The Science Journal of the American Association for Respiratory Care

2003 OPEN FORUM Abstracts

PRESSURE-TIME PRODUCT AS AN INDICATOR OF INSPIRATORY WORK IN A LUNG MODEL DURING DIFFERENT INSPIRATORY FLOW DEMANDS IN THE RESPIRONICS ESPRITÔ, PURITIAN BENNETT 7200aeÔ AND SIEMENS SERVOiÔ.

RL Joyner PhD RRT, KM Bathgate, JL O'Connell, SR Schneider PhD RRT-NPS RPFT
Respiratory Therapy Program, Department of Health Sciences, Henson School of Science & Technology, Salisbury University, Salisbury, MD


Background:
Non-invasive ventilation is commonplace in patients with certain types of reversible respiratory failure. Because of their ubiquitous presence, it is common to use ventilators designed for invasive ventilation when providing non-invasive ventilation. Ventilator manufacturers now offer ventilators designed with non-invasive and invasive modes in the same ventilator. Using graded inspiratory demands and pressure-time product as an index of inspiratory work, we compared the ability of a ventilator designed for invasive ventilator and a full service ventilator set in a non-invasive mode to limit inspiratory work.

Methods:
Three ventilators (EspritT, Puritan Bennett 7200aeT, and Siemens Servoi), each with two inspiratory trigger mechanisms (Esprit - AutotrakT or flow-trigger, PBT 7200ae - pressure trigger or flow trigger, Servoi - pressure trigger or flow trigger) were evaluated with a lung model that simulated spontaneous breathing at three inspiratory flow rates (40 l/m, 60 l/m, 80 l/m). Pressure was measured at the proximal airway position for each ventilator trigger type at each inspiratory flow rate for five minutes using a data acquisition rate of 100 Hz. For each ventilator and flow setting, five breaths without artifact were used to calculate the pressure-time product. The pressure-time product was defined as the area produced by the pressure waveform below PEEP during onset of the triggered breath. The settings for each ventilator were as follows:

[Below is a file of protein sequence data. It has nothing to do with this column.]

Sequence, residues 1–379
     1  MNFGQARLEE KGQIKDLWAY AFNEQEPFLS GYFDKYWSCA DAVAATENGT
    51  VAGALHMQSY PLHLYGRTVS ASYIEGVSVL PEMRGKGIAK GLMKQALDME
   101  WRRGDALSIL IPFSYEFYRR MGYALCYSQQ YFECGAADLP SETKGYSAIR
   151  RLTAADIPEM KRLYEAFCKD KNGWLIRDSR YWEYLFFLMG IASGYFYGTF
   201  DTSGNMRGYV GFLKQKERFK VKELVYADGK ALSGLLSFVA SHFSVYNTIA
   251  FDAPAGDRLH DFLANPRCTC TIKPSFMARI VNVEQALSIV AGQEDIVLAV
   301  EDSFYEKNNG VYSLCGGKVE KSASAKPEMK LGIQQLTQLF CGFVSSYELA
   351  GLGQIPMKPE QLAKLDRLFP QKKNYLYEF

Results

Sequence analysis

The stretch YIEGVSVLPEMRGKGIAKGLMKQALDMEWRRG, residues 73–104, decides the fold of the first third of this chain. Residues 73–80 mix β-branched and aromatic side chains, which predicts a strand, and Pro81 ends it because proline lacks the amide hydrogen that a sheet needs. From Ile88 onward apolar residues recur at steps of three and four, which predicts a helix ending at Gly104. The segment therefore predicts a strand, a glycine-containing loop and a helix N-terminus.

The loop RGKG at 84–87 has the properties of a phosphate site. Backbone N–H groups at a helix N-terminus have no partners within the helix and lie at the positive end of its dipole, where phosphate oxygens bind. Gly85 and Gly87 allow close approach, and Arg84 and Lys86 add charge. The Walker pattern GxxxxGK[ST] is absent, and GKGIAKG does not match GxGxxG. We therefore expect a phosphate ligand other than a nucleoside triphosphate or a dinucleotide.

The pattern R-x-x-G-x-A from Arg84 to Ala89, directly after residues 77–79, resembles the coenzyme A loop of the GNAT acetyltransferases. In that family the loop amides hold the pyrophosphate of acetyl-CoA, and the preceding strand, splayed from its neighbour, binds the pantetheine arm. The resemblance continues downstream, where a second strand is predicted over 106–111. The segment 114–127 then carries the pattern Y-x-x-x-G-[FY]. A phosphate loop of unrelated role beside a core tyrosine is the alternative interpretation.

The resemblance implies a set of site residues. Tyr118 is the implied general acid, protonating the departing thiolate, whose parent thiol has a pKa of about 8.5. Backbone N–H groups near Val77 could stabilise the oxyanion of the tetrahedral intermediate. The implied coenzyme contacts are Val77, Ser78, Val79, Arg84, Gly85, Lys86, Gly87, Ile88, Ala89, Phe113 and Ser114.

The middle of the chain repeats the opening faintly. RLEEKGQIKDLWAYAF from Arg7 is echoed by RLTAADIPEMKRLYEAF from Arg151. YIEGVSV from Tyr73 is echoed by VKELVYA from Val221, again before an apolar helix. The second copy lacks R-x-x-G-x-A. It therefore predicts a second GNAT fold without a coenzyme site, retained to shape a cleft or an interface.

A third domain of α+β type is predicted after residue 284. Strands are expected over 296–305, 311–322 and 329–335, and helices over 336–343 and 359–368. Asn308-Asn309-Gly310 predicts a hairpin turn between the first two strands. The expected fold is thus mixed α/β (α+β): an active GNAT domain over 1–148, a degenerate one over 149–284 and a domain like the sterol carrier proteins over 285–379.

Respironics Esprit PBT 7200ae Servoi
IPAP = 12 cm H2O PSV = 10 cm H2O PSV = 10 cm H2O
EPAP = 2 cm H2O PEEP = 2 cm H2O PEEP = 2 cm H2O
Sensitivity = Autotrak Sensitivity = 0.5 cm H2O (PT) Sensitivity = -1 cm H2O (PT)
Or
IPAP = 12 cm H2O PSV = 10 cm H2O PSV 10 cm H2O
EPAP = 2 cm H2O PEEP = 2 cm H2O PEEP = 2 cm H2O
Sensitivity = (FT - 4/1) Sensitivity = (FT - 5/2) Sensitivity = (FT - most sensitive that did not cause auto cycle)



RESULTS:
In this bench study, these data show that across the flow rates examined the Servoi using flow trigger has the smallest pressure-time product (mean ± SD = 0.94 ± 0.33) and the PBT 7200ae using flow trigger has the largest pressure-time product (mean ± SD = 3.04 ± 1.51) of the ventilator triggers tested (p < 0.05). In addition, across flow rates examined, there was no statistical difference between the PBT 7200ae using pressure trigger (mean ± SD = 1.53 ± 0.70) and the Esprit using Autotrak (mean ± SD = 1.45 ± 0.80) or flow trigger (mean ± SD = 1.48 ± 0.82), or the Servoi in pressure trigger (mean ± SD = 1.40 ± 0.29). 

Conclusions:
These data suggest that of the ventilators tested in this study, the Servoi using flow trigger would have the least ventilator added work of breathing and the PBT 7200ae using flow trigger would have the greatest. With the exception of the PBT 7200ae in flow trigger (which has a pressure-time product twice that of the other ventilator triggers tested) differences between the pressure-time products of the remaining ventilator triggering systems is small and therefore it is difficult to speculate on their clinical relevance.

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